Middle South

June, 2012
Regional Report

Be Consistent with Design

If you are a do-it-yourself garden designer, take note. The key to a professional-quality job is consistency. In other words, establish a theme and stay with it. Use similar materials from one area of the garden to the next, stick with either straight lines or curves, simplify the plant palette, and choose structures and ornaments that reflect a single style.

Widen a Walkway

If you have a sidewalk that's a tad too narrow for comfort, use precast concrete pavers to widen the path. Simply remove the lawn on either side of the sidewalk to make a base for the pavers, digging down 1.5 inches further than the thickness of the paver. Then layer 1.5 inches of coarse sand over the native soil, compact it with a sod tamper, and set the pavers in an alternating pattern.

Cap Plant Stakes

If you're using wooden or rebar stakes to support 2 to 3-foot tall vegetable plants, make them more visible and user friendly by cutting a gash in old tennis balls and slipping the balls over the tops of the stakes. Then, if someone bends down over the plant to pick a pepper or other fruit, they're less likely to injure themselves.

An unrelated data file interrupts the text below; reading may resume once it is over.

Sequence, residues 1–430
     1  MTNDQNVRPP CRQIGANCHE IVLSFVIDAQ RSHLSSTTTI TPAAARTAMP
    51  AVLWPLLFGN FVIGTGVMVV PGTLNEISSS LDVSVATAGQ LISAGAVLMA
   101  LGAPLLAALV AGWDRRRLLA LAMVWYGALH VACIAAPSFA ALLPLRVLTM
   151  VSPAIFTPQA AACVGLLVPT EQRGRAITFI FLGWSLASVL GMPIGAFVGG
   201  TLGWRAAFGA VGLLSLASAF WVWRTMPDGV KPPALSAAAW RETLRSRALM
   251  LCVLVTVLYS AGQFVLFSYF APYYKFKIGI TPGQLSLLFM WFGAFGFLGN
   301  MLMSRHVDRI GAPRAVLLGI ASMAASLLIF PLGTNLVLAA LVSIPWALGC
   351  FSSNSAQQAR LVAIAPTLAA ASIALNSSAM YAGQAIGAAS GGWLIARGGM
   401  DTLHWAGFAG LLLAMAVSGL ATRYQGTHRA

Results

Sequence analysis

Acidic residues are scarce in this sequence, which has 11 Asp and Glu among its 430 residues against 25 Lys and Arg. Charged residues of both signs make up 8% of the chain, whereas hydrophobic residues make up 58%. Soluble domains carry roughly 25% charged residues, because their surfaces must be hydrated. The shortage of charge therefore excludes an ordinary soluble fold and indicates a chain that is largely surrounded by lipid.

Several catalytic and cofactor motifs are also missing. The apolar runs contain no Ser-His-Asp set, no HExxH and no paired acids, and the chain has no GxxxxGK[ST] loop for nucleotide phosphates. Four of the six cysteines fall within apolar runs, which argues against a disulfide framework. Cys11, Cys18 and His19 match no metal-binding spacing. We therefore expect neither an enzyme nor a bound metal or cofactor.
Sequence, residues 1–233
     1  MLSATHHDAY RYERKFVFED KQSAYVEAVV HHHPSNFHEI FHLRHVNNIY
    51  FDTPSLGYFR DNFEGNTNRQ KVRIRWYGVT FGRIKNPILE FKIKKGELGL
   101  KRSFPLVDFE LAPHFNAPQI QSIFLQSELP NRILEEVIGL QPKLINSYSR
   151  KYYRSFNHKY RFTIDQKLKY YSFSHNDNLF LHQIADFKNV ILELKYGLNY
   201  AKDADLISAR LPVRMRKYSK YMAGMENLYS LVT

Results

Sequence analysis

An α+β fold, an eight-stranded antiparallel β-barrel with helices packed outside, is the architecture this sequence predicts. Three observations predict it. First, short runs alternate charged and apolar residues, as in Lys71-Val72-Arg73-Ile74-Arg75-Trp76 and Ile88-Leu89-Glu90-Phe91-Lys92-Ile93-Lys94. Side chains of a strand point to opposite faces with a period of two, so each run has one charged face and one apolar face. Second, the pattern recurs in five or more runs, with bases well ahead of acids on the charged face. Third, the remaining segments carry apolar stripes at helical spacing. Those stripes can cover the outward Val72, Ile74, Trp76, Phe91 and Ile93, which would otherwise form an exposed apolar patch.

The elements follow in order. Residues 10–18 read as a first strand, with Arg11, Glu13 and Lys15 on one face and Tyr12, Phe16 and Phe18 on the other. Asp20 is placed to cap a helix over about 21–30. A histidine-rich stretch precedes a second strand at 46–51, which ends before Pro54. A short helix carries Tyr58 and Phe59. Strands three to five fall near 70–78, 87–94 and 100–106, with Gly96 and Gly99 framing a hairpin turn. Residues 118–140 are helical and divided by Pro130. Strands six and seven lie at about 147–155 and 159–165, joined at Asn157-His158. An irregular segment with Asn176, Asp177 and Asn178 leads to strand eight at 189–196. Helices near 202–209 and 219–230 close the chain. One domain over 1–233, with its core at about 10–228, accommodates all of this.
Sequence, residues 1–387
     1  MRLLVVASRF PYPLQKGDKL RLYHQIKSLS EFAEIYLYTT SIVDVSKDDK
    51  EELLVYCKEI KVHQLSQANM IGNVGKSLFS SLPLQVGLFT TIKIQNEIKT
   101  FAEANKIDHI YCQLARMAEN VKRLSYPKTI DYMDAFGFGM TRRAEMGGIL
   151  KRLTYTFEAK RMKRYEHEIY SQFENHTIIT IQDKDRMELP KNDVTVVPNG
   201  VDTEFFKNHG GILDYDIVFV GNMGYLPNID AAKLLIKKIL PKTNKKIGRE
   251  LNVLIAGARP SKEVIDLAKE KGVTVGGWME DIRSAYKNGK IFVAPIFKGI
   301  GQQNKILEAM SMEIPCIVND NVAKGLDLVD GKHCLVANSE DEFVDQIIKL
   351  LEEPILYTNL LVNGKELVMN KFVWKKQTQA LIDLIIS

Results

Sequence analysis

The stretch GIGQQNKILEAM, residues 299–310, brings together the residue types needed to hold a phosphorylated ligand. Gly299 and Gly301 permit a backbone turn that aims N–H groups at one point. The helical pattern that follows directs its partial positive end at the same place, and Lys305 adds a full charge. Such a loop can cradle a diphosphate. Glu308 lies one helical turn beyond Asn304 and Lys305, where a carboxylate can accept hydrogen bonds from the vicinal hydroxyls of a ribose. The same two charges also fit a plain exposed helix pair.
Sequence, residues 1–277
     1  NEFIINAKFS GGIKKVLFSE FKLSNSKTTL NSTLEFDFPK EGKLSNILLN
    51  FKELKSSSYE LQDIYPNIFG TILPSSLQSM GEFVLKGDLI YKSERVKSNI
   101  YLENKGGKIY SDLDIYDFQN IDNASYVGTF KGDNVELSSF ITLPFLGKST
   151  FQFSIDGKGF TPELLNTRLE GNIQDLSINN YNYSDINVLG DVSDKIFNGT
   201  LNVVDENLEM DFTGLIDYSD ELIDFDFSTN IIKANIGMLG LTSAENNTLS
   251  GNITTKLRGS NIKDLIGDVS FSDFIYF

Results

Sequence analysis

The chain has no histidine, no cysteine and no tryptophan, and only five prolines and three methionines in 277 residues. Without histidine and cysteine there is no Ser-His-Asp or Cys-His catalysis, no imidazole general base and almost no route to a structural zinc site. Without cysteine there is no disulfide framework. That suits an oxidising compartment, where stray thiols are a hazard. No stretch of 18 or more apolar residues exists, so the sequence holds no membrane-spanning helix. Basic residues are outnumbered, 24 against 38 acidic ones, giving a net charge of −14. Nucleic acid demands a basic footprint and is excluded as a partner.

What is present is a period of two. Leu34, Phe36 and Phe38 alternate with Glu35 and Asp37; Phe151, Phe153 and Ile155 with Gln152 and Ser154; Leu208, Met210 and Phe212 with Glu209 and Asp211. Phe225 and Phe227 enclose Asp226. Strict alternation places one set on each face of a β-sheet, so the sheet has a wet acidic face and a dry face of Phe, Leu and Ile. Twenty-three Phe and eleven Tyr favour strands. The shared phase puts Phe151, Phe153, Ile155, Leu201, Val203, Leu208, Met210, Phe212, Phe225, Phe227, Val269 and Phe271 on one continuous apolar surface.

Use Vines as Mulch

It's no secret that weed seeds need light to germinate. To shade the soil and prevent weeds, consider double-cropping, using a vine such as cucumber under a taller crop like eggplant.

Quick Dry Herbs

On especially hot days, you can dry herbs inside your car in just a few hours. Spread newspapers topped with a layer of paper towels in the seat of a car or the back of an SUV. Then, spread the herbs and cover them with a second layer of paper towels. Close the vehicle but leave windows slightly cracked. At the end of the day, collect the herbs without crushing to preserve their flavor, and then store them in airtight containers.

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